UPDATE JAN 3, 2011: Not all lenders are implementing this fee increase (yet). This is perfect example of an advantage of working with a correspondent lender since we work with more than one bank or one banks products/rates.
Conventional mortgages (Fannie Mae and Freddie Mac) are increasing their LLPA, also known as “Loan-Level Price Adjustment” effective on all mortgages with a term greater than 15 years on loans they purchase on April 1, 2011 or later. Although this doesn’t go into effect until April Fools, wholesale lenders will make these adjustments to their rate sheets well in advance so that they don’t have to take the price hit when the sell the loan to Fannie or Freddie. I am receiving memos from the lenders we work with stating that these price adjustments will go into effect on loans locked January 3, 2011.
The new price adjustments are outlined in the red box below. The changed adjustements are in bold in the red box (click on image to enlarge). You can view Fannie Mae’s complete LLPA schedule here – there are additional hits that may apply depending on your scenario (such as condos, subordinate financing, etc.).
LLPA’s are nothing new. We’ve had them for the past couple of years and the adjustments are typically factored into your rate. Remember, typically (but not always) 1% in fee equals 0.25% in rate. So if your “low-mid” credit score is 700 – 719 and your loan to value is 75.01% or higher, your interest rate is going to be about 0.25% higher in rate than someone with a 740 or higher credit score with a loan to value of 60.01 – 75%.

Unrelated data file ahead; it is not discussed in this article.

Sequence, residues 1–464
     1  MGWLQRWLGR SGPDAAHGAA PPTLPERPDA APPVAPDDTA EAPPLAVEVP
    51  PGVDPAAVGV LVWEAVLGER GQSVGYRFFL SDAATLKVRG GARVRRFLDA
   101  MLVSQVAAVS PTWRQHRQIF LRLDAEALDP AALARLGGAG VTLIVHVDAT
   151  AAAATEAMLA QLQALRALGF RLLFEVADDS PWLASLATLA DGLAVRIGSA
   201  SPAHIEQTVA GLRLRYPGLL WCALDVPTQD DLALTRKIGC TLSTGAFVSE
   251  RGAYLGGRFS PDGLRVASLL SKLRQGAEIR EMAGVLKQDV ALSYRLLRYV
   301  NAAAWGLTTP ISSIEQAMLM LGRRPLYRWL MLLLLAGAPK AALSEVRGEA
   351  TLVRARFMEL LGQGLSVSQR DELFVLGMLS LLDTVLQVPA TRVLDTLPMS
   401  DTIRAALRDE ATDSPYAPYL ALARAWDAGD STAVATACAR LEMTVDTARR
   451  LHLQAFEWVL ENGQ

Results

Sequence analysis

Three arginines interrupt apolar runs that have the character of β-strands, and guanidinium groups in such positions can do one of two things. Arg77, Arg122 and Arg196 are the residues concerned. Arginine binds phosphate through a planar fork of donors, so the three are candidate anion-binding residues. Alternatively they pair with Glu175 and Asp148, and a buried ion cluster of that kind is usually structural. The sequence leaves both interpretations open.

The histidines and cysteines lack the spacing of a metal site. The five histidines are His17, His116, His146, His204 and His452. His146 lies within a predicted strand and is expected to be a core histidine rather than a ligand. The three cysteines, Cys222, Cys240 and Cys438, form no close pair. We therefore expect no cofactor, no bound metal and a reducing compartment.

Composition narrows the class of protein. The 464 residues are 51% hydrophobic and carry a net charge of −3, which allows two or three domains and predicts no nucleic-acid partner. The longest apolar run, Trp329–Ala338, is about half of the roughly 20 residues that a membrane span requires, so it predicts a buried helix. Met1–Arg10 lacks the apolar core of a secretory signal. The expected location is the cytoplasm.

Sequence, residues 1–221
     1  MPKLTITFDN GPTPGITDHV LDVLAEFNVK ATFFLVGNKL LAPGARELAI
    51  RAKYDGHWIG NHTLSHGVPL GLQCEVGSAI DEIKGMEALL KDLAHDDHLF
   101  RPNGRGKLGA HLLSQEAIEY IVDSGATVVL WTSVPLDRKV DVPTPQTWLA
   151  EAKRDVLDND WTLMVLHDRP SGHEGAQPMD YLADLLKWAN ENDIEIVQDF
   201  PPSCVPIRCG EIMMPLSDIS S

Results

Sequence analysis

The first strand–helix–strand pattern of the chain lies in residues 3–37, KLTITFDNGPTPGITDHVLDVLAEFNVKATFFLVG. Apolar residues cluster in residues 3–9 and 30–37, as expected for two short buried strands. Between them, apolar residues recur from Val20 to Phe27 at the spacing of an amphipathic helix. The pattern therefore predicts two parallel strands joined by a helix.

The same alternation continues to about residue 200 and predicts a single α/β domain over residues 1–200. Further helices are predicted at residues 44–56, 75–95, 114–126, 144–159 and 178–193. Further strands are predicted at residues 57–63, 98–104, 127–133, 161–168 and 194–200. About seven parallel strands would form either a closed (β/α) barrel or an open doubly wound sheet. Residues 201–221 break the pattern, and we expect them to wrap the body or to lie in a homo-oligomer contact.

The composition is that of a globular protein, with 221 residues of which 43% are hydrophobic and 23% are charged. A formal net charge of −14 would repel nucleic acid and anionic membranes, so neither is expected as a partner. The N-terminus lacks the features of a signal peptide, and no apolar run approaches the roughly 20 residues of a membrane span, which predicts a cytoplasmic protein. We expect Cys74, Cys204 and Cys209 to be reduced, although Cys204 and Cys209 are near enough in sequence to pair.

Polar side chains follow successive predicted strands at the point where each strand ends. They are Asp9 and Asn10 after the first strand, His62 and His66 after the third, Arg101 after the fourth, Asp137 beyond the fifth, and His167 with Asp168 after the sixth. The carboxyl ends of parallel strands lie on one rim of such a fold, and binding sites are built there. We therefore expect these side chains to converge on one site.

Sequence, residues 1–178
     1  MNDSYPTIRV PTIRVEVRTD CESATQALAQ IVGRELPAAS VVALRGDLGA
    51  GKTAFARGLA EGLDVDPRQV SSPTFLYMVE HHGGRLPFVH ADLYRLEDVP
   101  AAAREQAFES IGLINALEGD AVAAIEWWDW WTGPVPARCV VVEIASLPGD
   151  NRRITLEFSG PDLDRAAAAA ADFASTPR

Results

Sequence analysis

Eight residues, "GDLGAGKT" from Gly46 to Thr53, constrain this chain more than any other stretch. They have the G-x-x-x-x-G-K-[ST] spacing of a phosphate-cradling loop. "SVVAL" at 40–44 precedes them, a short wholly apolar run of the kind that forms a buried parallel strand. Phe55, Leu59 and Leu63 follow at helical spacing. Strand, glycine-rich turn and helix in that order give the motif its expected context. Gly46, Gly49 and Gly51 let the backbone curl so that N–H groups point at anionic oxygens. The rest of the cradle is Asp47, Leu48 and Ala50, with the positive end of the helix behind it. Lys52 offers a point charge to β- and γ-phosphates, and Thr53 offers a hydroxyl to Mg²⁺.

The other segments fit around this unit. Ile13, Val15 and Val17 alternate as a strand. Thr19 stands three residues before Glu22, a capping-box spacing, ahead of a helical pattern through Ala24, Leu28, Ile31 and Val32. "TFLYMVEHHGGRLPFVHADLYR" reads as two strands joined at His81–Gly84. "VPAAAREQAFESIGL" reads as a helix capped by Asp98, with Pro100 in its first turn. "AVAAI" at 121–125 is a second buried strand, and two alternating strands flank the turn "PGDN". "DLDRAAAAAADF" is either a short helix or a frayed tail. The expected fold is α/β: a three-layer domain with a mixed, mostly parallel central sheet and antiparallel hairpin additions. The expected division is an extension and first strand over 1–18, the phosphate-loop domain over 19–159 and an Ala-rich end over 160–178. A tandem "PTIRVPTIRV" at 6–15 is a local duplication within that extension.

The hardest hit with this adjustment is borrowers with credit scores of 699 – 640 with loan to values over 80%. These borrowers should consider FHA insured loans for financing which do not have the same level of price hits as conventional (at this time).
The best pricing is for borrowers with credit scores 700 or higher AND a loan to value of 60% or lower. Borrowers with a 740 or higher credit score and less than 25% down payment or home equity will now be hit with a 0.25% adjustment.
These price hits impacts loan amounts of $567,500 or lower for homes located in King, Snohomish and Pierce Counties. For a complete list of Washington state conforming loan limits, click here.
Risk based pricing is one more reason why people who are considering a mortgage, regardless of if it’s to purchase a new home in Seattle or refinance their existing home in Bellevue, should start early with the preapproval process. Just being one digit off on your low-mid credit score may cost you. A qualified mortgage professional can help you make the right moves with the goal of improving your credit score if given enough time.
If you need a mortgage for a home located in Washington State, I’m happy to help you. I’ve been originating mortgages at Mortgage Master Service Corporation since April 2000 and I’ve been licensed since 2007 (when mortgage originator licensing was first mandated in Washington).